So it must be a good book then?


I can only answer yes.


But did I enjoy it?


I can only answer no.


For me, there was something missing from the book which stopped me from engaging with it properly. Looking back on it now, and when telling people about it, it’s tricky for me to put my finger on why I didn’t enjoy it.


I feel like I did enjoy it, I can find no reason why I didn’t, but when I was reading it, I was wishing it would end, that I could read something else. Something better.


And it’s not to do with the subject matter. Many other books that I love – particularly A Little Life – could be described as unrelentingly grim, but in those books I experienced emotions. I was moved.


With My Absolute Darling, I didn’t feel any of that. On paper, it ticks all the boxes, but in practice, it just didn’t connect.


And that’s the thing we’re all trying capture and stuff into a bottle. That something extra. The special combination of the right book and the right reader.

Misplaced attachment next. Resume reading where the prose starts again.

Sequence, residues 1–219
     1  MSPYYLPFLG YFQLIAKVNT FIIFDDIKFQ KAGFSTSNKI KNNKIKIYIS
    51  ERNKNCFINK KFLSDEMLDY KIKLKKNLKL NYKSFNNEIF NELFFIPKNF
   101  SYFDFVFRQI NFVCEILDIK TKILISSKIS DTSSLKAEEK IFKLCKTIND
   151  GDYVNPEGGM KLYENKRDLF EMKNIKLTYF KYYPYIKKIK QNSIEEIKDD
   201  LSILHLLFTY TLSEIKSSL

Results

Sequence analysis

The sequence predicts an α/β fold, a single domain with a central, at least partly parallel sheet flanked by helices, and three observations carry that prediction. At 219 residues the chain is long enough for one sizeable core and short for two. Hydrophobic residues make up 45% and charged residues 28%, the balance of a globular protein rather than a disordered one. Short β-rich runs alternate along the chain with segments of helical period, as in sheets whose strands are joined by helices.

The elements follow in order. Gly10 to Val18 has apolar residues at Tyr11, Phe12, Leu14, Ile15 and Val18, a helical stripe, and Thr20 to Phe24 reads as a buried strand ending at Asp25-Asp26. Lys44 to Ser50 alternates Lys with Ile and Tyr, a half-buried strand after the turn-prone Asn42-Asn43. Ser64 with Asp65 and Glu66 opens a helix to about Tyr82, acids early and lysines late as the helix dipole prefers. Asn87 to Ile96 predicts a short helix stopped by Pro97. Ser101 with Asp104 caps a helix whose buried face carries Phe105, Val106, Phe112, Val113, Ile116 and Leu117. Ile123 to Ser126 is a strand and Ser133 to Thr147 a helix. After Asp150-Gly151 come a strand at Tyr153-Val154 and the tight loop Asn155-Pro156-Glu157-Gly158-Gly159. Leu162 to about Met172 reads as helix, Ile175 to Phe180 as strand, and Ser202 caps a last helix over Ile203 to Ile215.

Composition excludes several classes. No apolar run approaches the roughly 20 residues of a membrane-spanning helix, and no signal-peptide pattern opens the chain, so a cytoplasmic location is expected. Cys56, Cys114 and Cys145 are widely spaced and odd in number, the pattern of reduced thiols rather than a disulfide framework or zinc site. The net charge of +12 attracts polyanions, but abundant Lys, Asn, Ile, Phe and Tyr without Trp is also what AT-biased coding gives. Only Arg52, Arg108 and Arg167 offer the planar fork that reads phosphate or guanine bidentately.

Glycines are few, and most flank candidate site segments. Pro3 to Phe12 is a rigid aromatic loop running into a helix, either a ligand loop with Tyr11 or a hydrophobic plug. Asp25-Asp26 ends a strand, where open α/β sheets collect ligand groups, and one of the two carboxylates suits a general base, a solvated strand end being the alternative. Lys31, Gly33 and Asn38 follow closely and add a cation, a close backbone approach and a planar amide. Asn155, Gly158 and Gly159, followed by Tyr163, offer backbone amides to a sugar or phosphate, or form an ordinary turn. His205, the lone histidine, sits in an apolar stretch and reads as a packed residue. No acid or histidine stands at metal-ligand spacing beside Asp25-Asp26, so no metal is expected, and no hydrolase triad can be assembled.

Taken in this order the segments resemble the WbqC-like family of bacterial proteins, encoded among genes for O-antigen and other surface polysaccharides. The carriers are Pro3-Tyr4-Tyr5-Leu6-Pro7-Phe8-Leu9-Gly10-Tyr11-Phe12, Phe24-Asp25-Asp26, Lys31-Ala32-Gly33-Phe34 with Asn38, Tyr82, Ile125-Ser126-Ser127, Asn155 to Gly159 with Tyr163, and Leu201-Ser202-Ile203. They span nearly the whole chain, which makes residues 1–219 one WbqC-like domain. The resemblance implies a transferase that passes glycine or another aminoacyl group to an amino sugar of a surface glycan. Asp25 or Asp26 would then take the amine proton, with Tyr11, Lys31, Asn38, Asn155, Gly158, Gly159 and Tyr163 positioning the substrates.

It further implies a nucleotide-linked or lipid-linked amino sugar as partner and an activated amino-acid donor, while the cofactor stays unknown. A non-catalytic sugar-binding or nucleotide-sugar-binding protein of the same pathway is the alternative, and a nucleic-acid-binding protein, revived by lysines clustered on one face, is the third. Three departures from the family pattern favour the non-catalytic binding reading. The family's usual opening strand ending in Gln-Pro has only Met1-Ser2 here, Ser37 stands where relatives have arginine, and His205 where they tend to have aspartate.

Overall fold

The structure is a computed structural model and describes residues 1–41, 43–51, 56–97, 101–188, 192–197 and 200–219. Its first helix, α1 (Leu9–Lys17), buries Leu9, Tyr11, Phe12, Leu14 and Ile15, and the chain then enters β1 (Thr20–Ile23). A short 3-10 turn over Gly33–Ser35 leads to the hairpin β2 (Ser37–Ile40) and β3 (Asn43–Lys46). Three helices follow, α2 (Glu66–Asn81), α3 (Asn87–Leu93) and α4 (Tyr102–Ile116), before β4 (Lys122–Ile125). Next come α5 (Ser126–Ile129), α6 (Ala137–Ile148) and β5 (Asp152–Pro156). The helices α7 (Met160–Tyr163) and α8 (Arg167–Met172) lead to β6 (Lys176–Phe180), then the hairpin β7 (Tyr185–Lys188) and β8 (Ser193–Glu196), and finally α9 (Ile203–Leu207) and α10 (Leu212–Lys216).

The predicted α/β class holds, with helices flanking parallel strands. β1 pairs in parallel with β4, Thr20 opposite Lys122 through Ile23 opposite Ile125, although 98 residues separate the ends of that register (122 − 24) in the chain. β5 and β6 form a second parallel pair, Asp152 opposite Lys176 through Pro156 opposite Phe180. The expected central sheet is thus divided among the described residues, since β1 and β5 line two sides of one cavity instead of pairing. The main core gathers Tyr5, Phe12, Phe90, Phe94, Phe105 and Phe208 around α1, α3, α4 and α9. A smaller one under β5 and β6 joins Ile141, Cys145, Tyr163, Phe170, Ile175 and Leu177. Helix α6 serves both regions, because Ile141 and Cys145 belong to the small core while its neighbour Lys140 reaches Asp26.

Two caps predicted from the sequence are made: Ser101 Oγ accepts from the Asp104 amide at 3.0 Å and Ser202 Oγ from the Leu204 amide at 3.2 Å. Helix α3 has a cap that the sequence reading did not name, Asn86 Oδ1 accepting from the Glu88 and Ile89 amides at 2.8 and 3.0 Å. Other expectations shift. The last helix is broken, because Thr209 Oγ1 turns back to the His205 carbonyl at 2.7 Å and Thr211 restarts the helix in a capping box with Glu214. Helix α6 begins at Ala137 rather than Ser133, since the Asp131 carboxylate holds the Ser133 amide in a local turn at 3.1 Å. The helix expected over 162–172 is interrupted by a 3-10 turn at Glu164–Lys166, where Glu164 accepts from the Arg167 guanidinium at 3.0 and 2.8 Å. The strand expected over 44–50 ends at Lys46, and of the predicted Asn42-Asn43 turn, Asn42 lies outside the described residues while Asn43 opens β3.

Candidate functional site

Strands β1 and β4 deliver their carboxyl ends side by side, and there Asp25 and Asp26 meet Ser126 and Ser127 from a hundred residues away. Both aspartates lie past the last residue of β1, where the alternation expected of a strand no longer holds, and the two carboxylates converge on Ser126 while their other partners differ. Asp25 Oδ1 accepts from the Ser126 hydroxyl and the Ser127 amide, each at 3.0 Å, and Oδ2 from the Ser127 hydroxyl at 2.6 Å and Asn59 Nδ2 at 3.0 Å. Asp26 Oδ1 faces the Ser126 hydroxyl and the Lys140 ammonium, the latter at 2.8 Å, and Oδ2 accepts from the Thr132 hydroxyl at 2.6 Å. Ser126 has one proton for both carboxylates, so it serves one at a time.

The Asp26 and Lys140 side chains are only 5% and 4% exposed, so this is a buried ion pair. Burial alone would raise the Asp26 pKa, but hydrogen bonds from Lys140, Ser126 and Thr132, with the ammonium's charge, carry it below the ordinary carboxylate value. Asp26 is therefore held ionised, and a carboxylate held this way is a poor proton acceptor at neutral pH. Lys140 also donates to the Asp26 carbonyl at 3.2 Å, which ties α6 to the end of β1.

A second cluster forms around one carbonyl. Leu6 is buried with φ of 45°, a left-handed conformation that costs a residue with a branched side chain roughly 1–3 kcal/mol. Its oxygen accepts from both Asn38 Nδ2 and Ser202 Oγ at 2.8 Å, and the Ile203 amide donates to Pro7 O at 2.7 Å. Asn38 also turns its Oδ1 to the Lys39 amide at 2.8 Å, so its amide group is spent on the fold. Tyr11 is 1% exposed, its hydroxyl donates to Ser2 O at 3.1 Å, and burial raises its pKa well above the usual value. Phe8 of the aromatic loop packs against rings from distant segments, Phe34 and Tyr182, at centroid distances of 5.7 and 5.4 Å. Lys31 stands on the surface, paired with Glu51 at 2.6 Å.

That little bit of magic can take even the worst of books and make it into an excellent book, but the best of books without that little bit of extra magic? It will never be better than good.




A(nother) Review: Three Things About Elsie by Joanna Cannon #ThreeThings

I once had a conversation with someone who was absolutely furious when – in their view – someone on Twitter had spoiled a book for them, by revealing there was a twist. They hadn’t said what the twist was, just that a twist existed.


I’ve struggled with this concept ever since – I often expect there to be twists in most books I read – and finding out that one I was reading had one wouldn’t make me feel the book was spoilt. More of a teaser really.